Thanks #1 i have amended it accordingly
An encouraging account of the visit. I’m amazed by what has transpired in Nepal.
This link contains an auto-play audio.
A member of my neighborhood parish visited a growing church and asked his rector if they could try some things he observed. He was told that the mainline church is dying and there was nothing that could be done about it. I do not go there.
Thank you Canon Harmon - astute observations.
20 Woe to those who call evil good
and good evil,
who put darkness for light
and light for darkness,
who put bitter for sweet
and sweet for bitter!
21 Woe to those who are wise in their own eyes,
and shrewd in their own sight!
And the point is…?
It is important to note that Italy is oversimplified if it is thought to be simply an anti-EU vote. There were many pro Eu people who voted no and lobbied no, perhaps most notably Mario Monti. SOME of the vote was very much against the quite substantial change to the sytem that mr Renzi requested. To an extent, then, this was an anti Renzi and anti aggressive fundamental systemic change vote, so the parallels to Brexit are not exact.
Well, I expect we will all end up just trading with Taiwan, Katherine.
It’s going to be an interesting ride, Pageantmaster. I note that our president-elect does not want to put the UK “at the back of the queue,” as Mr. Obama put it.
In the end, the only thing that will change this, in all western countries, is the establishment of many soundly based congregations throughout the country.
“I guess I thought the revolution against TEC was more widespread, larger.”
In fact its smaller than that, because many in ACNA were never part of TEC in the first place.
But it is what it is. ACNA on its web-site claims that it unites “112,000 Anglicans in nearly 1,000 congregations across the United States, Canada, and Mexico”. In one sense, that is a lot. But if you think about the way TEC and ACoC churches are disappearing, that means whole swathes of North America lack any Anglican witness.
Hence the call for planting viable churches. ACNA will only survive if it conquers. That means not conquering TEC, but rather nurturing many new faithful congregations across the continent.
“The question to ask, then, is not “what will happen if the Church of England crosses the line and accepts same sex relationships”. It has already crossed that line in practice if not in the increasingly irrelevant official doctrine.”
It was pretty obvious that Gafcon UK had reached this conclusion two months ago, when its mission arm, the Anglican Mission in England (AMIE) announced its intention to plant 25 new independent Anglican churches in England by 2025, and 250 by 2050.
There is little that CofE can do or say about this. The real question is, will they succeed in planting so many new churches?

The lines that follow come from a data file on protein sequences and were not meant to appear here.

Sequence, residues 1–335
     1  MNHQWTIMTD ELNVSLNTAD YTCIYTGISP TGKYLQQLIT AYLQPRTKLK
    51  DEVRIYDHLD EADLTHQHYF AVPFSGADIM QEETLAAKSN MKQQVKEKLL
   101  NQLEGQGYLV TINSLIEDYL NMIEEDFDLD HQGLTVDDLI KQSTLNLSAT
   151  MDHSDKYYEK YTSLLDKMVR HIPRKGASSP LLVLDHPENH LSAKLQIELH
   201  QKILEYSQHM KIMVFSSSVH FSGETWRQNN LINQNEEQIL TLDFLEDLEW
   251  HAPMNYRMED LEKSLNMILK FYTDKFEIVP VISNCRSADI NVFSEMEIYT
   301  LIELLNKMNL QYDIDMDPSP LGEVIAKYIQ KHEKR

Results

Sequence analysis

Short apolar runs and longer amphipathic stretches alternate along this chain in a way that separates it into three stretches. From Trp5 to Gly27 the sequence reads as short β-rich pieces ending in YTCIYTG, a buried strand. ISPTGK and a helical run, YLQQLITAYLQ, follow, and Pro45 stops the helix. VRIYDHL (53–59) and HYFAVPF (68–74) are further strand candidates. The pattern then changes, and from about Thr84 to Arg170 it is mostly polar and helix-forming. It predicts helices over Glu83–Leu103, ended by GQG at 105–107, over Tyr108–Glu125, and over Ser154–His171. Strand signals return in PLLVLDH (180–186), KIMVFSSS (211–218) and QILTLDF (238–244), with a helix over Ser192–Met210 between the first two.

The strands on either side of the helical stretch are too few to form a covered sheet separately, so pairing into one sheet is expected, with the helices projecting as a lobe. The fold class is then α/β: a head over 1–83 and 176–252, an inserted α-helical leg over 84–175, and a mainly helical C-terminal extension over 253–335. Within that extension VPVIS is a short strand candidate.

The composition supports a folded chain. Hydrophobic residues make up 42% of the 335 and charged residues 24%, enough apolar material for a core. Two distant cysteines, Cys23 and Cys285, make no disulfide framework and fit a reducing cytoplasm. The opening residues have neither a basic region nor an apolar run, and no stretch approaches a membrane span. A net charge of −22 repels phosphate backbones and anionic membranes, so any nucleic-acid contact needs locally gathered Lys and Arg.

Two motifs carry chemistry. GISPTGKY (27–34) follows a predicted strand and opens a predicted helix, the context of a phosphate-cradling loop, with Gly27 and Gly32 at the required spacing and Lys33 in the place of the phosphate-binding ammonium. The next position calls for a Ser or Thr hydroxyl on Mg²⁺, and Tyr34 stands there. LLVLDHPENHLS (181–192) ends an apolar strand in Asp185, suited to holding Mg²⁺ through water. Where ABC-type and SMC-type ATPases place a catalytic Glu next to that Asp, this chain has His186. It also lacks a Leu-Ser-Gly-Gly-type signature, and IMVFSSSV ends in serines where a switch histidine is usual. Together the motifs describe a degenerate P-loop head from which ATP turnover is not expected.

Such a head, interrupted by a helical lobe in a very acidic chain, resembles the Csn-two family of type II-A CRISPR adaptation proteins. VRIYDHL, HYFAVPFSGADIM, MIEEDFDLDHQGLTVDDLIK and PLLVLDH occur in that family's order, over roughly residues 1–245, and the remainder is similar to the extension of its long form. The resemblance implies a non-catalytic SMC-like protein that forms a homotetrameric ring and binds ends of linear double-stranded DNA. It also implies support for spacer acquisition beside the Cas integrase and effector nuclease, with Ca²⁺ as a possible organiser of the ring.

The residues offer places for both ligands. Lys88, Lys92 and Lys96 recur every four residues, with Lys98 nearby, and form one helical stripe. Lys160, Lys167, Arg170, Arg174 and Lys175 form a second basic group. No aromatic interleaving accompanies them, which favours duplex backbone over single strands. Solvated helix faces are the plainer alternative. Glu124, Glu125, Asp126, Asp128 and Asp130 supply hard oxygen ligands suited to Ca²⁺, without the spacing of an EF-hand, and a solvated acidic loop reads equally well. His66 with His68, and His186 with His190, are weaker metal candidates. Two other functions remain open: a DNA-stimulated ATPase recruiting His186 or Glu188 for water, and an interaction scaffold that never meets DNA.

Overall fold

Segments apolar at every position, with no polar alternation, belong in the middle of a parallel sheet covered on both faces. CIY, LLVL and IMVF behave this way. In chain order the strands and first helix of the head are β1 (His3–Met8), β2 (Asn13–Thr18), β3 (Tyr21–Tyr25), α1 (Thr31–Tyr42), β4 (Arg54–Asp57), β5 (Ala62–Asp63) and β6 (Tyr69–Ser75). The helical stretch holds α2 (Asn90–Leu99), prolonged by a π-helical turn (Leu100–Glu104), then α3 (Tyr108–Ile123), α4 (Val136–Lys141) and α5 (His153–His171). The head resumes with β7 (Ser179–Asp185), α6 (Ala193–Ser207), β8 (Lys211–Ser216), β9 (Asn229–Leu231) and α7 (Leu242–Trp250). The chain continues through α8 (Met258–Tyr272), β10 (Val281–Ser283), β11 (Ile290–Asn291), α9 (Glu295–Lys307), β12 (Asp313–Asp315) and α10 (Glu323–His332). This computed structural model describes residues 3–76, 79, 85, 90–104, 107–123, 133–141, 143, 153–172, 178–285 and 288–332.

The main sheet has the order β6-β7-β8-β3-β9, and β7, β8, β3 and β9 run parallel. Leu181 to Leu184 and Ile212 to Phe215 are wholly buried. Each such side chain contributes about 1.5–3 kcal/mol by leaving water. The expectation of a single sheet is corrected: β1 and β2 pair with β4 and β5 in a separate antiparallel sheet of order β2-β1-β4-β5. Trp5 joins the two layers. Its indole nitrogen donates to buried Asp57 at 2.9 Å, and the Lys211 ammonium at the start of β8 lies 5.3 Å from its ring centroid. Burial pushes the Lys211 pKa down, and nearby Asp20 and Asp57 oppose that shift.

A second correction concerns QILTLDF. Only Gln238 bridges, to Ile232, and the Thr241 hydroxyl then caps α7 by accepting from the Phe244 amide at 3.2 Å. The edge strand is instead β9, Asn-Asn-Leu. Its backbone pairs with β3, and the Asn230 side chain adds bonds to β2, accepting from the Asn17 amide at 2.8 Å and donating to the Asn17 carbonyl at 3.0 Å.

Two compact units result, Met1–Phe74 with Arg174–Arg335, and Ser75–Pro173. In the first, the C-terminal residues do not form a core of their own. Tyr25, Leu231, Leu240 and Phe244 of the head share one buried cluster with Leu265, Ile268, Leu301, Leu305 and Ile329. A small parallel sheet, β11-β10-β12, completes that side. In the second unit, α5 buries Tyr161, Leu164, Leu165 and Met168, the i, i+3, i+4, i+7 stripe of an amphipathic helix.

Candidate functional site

“Ironically, as a group (though not as individuals) [Gafcon] lacks the most essential attribute of holy love for the marginal…”
Since this accusation was made without a shred of reasoning or fact to support it, nothing more need be said.
Every so often, it appears that there is a year or several years of revolutions. 1848 is usually called the year of revolutions, but around 1919 there was the fall of the German, Austrian, Russian and Chinese Empires, and in 1989 there was the extraordinary and unforeseen fall of the communist dictatorships of Eastern Europe and Russia.
The aftermath of war or the hardship of famine, austerity or the poverty of globalisation seems to precipitate these revolutions. Now in 2016-17 almost a hundred years after the Russian Revolution, we have seen Brexit, the US election, and now Italy with liberal but increasingly dictatorial governments being rejected, and we haven’t even heard from France yet where revolting is a historical national pastime; though along with Germany and the Netherlands we may hear from the French later in the new year.
Like David Cameron’s project fear-mongering, I watched Renzi’s arrogance as he informed us that Britain would pay a high price for Brexit and he and the European Union were going to ensure that we were given no quarter. Now like Cameron he has been swept away by the deplorables at his palace gates.
Hubris and nemesis.
Meanwhile in its glass and marble EU palaces, the grey suited frightful old socialist politicians of France and Belgium, the last remaining relics from the 60’s who believe in world government, continue on in blithe but fearful paralysis believing that the solution is more of what has failed already, more Europe and a Eurozone which condemns Southern Europe to poverty and uncompetiveness in a system tied to and only benefiting the German economy.
Ah well. Perhaps Britain should not be in too much of a hurry to invoke Article 50 but sit back and watch what happens in what may turn out to be another year of revolutions.
Que sera sera. Viva la revolucion!
“They have a Wesley-Whitfield size track record of redemptive ministry to the lost and sexually broken…” Do you have supporting evidence of this?
DSC has not yet joined ACNA. There are a number of options for those who leave TEC.